Wednesday, May 5, 2010

Working in Imperfect Conditions

Sidewalk Universe Guy commented on a recent post of mine about taking astronomy to the public in less than ideal conditions. To me, it seems only natural. I know, astronomy is mostly a solitary endeavor, and public outreach astronomy doesn’t appeal to every astronomer. But for those of us who enjoy dealing with the public, what time is better for it than just before full Moon? Or a night when seeing isn’t quite perfect? I learned early as an astronomer to use what I’m given to my best advantage.

In the fall of 2008, I was taking an astronomy course at Purdue North Central. It was the follow-up class to one I had taken in the spring, and that first class had awakened my love for astronomy. I bought my first telescope that summer, and was learning my way around the sky. On the first day of the fall semester, I handed out flyers to my classmates that I was going to try to have observations after class every Monday when the weather allowed. Almost every Monday I had my telescope set up after class, but the idea never caught on. My teacher, however, had been assigned to our class just before the semester began. He was an Earth sciences instructor, and while knowledgeable about planetary geology and atmospheres, he was grateful for my insights on the history of astronomy and observational astronomy.

Our class was required to have an observation session, and after the change to Standard Time in early November, our class met after dark for the first time. It was a beautiful night, much better than one would expect in November, but there was high humidity, and it didn’t take long before I noticed it distorting our views in the eyepieces. We were just behind the Technology Building, and near a parking lot, which meant lots of lights around. After the observation, for the written portion of the assignment, I wrote:

“Despite unseasonably pleasant weather, I sensed that few people were willing to walk to a more remote campus location that I believe would have reduced light pollution, and therefore improved the quality of our observations. There always seem to be trade-offs in astronomy, and especially so tonight. Would I rather have a warm night of bad seeing but the company of my classmates, or an exceptionally clear, but cold night observing alone? Would I rather captivate my audience in the glow of campus lights, or lose their attention during a forced march to darker skies? Alone those answers are easy, but since the benefits of a cooler night and a longer walk would be negligible to novice observers, I must, at least for tonight, consider the light pollution and warm, moist air to be positive for the overall experience.”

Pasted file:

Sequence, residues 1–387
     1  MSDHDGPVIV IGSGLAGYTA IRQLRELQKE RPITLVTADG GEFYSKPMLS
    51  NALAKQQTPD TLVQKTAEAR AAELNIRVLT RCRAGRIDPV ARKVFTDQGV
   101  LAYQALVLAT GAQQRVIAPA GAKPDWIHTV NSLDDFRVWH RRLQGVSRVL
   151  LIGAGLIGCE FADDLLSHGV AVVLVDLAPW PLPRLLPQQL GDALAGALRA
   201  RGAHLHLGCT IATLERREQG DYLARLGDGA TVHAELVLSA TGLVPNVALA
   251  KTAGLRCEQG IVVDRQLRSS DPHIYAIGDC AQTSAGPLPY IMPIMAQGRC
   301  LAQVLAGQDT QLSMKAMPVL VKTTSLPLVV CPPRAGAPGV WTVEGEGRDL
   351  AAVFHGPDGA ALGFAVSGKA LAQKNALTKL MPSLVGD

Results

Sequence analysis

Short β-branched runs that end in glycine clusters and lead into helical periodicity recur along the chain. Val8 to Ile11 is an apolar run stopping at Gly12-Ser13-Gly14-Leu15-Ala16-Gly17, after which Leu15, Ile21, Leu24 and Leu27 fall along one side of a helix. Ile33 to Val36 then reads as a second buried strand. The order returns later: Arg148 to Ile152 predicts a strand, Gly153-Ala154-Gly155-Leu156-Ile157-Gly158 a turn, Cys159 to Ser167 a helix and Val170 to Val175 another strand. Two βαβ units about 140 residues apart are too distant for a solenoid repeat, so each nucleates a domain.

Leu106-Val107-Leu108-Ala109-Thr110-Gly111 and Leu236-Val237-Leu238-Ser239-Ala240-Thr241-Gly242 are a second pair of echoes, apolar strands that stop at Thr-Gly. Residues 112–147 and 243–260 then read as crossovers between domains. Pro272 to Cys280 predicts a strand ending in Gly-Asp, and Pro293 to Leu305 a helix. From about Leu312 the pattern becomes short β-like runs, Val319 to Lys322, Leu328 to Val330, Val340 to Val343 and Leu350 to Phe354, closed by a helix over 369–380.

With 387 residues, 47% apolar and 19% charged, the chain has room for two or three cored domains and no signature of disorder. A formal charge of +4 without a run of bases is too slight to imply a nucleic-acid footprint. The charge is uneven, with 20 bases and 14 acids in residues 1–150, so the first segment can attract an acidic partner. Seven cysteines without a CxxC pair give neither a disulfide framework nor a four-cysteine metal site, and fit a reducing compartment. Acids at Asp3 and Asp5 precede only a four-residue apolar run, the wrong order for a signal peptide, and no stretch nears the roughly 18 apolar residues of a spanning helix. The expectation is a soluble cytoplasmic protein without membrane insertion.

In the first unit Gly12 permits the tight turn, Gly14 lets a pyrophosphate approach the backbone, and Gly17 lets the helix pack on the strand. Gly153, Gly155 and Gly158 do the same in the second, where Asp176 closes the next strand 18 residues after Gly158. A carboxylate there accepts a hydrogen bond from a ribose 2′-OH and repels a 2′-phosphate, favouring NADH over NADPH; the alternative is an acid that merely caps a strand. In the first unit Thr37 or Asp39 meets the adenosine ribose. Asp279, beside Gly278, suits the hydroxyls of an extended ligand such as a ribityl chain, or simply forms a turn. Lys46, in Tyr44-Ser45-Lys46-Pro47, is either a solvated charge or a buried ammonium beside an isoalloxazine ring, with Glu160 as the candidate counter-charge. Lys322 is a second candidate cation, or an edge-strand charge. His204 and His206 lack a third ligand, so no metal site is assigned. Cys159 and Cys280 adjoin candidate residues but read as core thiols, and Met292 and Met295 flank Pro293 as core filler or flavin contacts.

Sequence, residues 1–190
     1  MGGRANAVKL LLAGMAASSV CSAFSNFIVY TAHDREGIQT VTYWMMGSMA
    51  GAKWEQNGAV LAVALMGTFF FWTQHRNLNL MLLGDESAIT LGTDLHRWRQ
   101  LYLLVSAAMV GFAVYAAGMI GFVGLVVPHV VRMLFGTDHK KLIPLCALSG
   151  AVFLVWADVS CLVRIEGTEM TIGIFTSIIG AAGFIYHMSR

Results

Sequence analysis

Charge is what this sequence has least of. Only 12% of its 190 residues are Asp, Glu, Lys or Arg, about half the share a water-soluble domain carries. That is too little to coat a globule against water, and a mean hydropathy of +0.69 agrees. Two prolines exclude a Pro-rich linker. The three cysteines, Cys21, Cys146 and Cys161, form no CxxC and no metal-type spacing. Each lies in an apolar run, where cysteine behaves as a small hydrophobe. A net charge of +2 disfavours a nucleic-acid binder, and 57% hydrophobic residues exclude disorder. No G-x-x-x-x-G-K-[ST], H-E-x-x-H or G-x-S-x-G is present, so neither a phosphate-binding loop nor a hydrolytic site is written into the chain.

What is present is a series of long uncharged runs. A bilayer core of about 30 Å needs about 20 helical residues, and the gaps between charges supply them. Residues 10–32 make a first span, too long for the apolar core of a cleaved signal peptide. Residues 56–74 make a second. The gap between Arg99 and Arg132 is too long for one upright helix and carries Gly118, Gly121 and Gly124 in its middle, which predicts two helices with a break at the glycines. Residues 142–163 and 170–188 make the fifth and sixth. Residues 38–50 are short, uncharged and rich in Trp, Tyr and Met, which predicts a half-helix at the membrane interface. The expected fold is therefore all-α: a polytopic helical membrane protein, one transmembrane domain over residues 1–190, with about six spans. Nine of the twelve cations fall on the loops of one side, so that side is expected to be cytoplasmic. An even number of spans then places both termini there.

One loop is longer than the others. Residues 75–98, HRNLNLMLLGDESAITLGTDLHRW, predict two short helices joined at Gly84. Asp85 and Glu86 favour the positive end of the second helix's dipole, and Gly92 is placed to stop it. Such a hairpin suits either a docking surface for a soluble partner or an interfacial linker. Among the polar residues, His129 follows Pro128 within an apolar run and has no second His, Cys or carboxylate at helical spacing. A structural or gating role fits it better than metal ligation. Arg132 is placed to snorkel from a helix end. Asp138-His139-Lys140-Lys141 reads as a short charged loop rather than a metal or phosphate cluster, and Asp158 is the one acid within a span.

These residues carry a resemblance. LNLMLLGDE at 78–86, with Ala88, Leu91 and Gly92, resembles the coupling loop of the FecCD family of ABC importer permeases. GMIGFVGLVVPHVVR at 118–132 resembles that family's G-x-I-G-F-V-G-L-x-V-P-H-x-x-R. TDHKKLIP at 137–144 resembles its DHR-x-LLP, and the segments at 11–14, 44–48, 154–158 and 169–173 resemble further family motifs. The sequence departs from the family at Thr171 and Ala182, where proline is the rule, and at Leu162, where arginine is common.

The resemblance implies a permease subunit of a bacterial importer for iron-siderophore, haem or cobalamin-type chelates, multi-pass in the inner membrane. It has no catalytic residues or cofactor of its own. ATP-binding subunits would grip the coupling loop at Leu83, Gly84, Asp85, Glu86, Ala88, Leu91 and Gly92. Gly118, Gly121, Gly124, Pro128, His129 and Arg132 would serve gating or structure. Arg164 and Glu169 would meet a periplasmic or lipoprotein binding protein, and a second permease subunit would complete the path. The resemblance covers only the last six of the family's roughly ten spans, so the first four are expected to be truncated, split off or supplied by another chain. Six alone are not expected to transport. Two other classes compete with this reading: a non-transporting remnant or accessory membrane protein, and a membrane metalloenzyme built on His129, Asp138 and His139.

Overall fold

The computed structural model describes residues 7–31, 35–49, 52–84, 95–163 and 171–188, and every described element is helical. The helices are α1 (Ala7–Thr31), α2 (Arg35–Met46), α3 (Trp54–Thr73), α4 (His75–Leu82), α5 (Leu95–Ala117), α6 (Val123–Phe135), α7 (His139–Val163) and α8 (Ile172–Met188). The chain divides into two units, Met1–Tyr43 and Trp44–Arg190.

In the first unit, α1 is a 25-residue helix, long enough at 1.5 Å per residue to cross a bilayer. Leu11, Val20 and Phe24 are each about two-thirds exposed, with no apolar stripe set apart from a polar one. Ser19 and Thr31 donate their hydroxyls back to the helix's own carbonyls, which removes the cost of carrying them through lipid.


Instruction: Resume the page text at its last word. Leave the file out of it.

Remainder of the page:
I think too many astronomers get obsessed with waiting for a brief moment of absolutely perfect seeing, and forget that even when conditions are less than ideal, there are beautiful views to be seen, especially to untrained eyes, seeing them perhaps for the first time. That’s why I love sharing my telescopes with the public. Nobody’s ever looked, and said, “Saturn looks okay, but you should have waited for a night without so much turbulence in the atmosphere.” All I hear is, “Wow! You can see the rings and everything!” Sometimes people will notice the image bouncing around on a windy night, or see shimmering around the lunar limb and ask about it.

Like I said above, public astronomy isn’t for everyone, but if you like talking with people, especially about astronomy, when the sky conditions aren’t going to let you push your limit, why not grab your scope(s) and find a spot with people passing by? It will satisfy your itch for astronomy, and maybe give a new perspective if our universe to the people you meet.


  1. Nice post Paulie!

    I hope I was not misunderstood, the less than ideal conditions is something that I embrace as part of the process.

    Your last two paragraphs really nailed it my friend!

    Like you I have had wonderful sessions with the public in less than pristine. These times are filled with excitement, awe, laughter, and a sense of community that is wonderful to experience. You are so right in that we forget that our guests do not expect the same things as we do and we need to learn from this. In fact as I write this I'm doing a quickie less than ideal Lunar observe (drive way) and I'm having a blast.

    I greatly respect your willingness to do what you are doing and I am looking forward to more good reads for you.

  2. I got what you were saying. Like I say, I accept what the sky gives me, and try to enjoy it, even if it's not perfect conditions.

  3. Spot on Paulie! Thanks for sharing and for being brave enough to put yourself out there.